“Celebrating Olympic gold has been everything that I have imagined it to be and more. To be honored around the country like we have was something I did not fully expect.
Attending the Today Show and doing weather with Al Roker was so much fun and definitely a once in a life time opportunity. Then again most of the experiences that we have had as individuals or as a team are once in a lifetime.
Going on the Ellen Show and Jimmy Fallon were both experiences that will not be forgotten, but meeting my favorite athlete, Serena Williams, was absolutely jaw dropping. We had the opportunity to watch her and her sister compete at the Tie Break Tens in New York and it was incredible.”
Leading into Pyeongchang, there was certainly a strong sense of achievement for the US team. Capturing the first gold medal on home soil, as Plymouth, Michigan served as a highly emotional backdrop for the 2017 IIHF Women’s Worlds, the greater victory was one that saw the US team make a courageous and unified stand in a well-deserved negotiation for pay equity.
Gaining the attention of the sporting community, with athletes, both male and female, covering a wide spectrum of sport (along with major league player’s associations) speaking up in support of the wondrous women that don the colors of USA Hockey, it was a struggle worth fighting for, and one highly worth winning.
Before the calendar year of 2017 drew to a close, the women of USA Hockey were recognized for their heroics with a tremendous honor. Decker, Duggan and Knight attended the Women’s Sports Foundation gala on behalf of their team, one that was honored with the Wilma Rudolph Courage Award.
First awarded in 1996, the award recognizes extraordinary courage in athletic performance. Other criterion involves the demonstration of overcoming adversity, significant contribution to sport plus serving as a role model for those who face challenges. With the award win, Decker and her teammates join a list of other decorated recipients, including Jackie Joyner-Kersee (the first recipient), Michelle Akers, Gail Devers, Silken Laumann, Tatyanna McFadden, Martina Navratolova and Noelle Pikus-Pace, among others.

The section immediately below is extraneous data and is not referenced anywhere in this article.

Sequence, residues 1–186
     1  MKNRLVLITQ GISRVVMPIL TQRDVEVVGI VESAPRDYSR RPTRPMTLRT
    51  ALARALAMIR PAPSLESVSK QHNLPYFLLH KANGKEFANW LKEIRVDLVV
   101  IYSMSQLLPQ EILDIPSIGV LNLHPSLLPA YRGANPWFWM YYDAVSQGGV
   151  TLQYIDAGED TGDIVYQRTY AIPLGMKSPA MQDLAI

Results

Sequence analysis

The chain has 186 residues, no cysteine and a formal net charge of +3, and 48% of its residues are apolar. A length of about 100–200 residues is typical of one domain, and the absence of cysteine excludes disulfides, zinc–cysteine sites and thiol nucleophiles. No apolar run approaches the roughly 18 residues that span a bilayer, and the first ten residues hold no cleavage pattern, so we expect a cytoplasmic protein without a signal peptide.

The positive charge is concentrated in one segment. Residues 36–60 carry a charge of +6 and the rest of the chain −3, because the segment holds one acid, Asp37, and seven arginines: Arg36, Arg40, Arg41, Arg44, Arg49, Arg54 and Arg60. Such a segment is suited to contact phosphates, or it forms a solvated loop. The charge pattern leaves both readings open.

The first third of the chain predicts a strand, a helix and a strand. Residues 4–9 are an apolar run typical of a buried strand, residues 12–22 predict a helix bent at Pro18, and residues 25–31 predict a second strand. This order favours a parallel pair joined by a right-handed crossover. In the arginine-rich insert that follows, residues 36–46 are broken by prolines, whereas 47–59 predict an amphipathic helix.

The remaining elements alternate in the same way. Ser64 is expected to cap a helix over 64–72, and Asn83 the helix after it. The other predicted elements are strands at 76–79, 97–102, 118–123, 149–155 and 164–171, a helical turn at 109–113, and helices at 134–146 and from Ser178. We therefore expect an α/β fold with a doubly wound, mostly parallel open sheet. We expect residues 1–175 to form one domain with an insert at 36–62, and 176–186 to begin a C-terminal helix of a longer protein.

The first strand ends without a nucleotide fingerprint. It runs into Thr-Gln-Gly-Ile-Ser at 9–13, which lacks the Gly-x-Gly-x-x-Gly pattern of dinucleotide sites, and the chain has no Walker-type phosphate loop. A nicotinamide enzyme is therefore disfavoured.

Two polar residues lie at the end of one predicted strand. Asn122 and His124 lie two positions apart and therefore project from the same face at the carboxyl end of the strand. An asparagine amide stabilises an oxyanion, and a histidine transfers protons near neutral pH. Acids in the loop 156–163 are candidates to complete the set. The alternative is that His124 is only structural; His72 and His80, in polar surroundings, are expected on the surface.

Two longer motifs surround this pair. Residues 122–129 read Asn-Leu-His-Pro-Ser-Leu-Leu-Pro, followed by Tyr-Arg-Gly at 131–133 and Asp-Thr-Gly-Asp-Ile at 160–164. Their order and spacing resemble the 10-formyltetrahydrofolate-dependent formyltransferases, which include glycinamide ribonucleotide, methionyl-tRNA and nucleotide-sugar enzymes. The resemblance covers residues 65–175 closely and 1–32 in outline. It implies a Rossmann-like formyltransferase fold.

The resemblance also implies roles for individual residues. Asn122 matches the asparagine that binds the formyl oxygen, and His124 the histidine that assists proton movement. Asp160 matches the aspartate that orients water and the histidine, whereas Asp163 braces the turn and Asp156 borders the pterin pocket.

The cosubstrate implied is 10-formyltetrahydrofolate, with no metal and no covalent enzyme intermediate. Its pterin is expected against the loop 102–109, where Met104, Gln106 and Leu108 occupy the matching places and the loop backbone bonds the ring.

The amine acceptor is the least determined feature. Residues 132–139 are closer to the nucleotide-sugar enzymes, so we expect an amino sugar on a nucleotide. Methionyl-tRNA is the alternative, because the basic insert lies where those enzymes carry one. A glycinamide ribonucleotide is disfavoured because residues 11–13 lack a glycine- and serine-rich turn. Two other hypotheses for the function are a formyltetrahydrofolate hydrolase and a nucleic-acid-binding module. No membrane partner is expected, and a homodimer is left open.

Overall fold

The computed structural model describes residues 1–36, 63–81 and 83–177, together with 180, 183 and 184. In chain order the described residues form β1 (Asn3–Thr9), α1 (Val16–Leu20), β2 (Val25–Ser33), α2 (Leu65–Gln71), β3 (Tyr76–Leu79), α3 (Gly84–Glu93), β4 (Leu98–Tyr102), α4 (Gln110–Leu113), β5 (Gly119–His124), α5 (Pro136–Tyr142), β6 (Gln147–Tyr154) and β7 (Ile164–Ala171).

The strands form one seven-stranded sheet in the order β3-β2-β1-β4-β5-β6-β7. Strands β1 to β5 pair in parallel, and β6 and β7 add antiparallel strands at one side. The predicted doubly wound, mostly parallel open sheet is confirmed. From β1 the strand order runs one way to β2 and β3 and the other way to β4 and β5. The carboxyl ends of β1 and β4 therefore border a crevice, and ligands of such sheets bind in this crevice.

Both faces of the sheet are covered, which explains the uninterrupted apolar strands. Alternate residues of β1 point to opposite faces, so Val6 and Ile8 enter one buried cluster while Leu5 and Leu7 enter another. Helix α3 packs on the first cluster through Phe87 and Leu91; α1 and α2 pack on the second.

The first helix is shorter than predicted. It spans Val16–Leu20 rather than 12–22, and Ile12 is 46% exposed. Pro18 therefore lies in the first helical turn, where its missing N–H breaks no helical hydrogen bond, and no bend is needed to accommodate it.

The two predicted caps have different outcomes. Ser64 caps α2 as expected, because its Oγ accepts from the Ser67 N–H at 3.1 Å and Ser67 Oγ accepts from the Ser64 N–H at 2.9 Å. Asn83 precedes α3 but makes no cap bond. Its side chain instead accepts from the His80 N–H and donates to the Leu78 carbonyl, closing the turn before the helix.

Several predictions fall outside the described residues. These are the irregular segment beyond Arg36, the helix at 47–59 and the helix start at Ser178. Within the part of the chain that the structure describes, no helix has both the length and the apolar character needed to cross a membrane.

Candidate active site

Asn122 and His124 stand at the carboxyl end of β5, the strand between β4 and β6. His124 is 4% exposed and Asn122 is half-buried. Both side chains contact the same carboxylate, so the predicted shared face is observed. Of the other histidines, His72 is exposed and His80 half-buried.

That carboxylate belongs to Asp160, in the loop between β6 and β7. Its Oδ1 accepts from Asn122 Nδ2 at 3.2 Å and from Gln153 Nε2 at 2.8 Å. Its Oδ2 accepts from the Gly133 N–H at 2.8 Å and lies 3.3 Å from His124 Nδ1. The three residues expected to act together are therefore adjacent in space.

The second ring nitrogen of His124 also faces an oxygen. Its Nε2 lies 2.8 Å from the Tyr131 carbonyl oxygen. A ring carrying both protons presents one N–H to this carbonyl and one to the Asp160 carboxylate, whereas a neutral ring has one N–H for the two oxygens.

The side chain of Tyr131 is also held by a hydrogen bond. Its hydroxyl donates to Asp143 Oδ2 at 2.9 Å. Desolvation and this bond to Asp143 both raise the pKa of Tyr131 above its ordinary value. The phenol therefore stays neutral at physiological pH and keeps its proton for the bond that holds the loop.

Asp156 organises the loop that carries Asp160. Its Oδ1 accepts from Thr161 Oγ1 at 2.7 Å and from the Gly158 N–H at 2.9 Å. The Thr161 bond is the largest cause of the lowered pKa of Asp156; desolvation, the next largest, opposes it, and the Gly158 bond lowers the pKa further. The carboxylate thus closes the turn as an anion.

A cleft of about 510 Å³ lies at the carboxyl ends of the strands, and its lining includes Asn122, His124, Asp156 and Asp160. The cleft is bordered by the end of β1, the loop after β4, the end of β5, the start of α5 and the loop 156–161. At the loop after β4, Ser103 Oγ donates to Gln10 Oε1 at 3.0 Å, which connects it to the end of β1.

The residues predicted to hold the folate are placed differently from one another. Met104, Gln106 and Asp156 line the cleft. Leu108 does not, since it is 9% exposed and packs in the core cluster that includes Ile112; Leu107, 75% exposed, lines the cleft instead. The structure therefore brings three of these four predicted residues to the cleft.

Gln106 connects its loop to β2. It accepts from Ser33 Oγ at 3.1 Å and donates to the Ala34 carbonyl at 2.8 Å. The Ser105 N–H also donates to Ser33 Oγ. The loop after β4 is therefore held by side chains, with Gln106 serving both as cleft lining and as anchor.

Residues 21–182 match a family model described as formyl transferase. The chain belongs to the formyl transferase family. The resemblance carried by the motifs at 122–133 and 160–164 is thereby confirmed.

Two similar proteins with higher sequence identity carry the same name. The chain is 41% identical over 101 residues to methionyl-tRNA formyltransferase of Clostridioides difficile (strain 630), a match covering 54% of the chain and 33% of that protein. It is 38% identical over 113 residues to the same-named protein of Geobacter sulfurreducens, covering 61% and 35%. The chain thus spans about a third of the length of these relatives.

Tennis icon and equal rights advocate Billie Jean King, who had actually texted Duggan during the pay equity struggle was on-hand to present the award. For Decker, the chance to meet such an icon in female sport, one who has championed for female sporting equality, added an incomparable sheen to the prestige of the award and the sense of solidarity on such an empowering evening,
“When I had the opportunity to meet Billie Jean King last fall, I was like, holy crap, this is BILLIE JEAN KING. Wow, she is such an ambassador for women’s sports across the world. My favorite thing about her is that still to this day she is trying to find a way to help anyone she can. She is not too big for anyone and gives everyone the time of day.
Our team winning the Wilma Rudolph Courage Award was an incredible honor and we will cherish the honor forever. Courage is one characteristic that is very hard to have and I am thankful to have teammates like Meghan Duggan and Kacey Bellamy, who helped demonstrate courage last spring to lead our team.”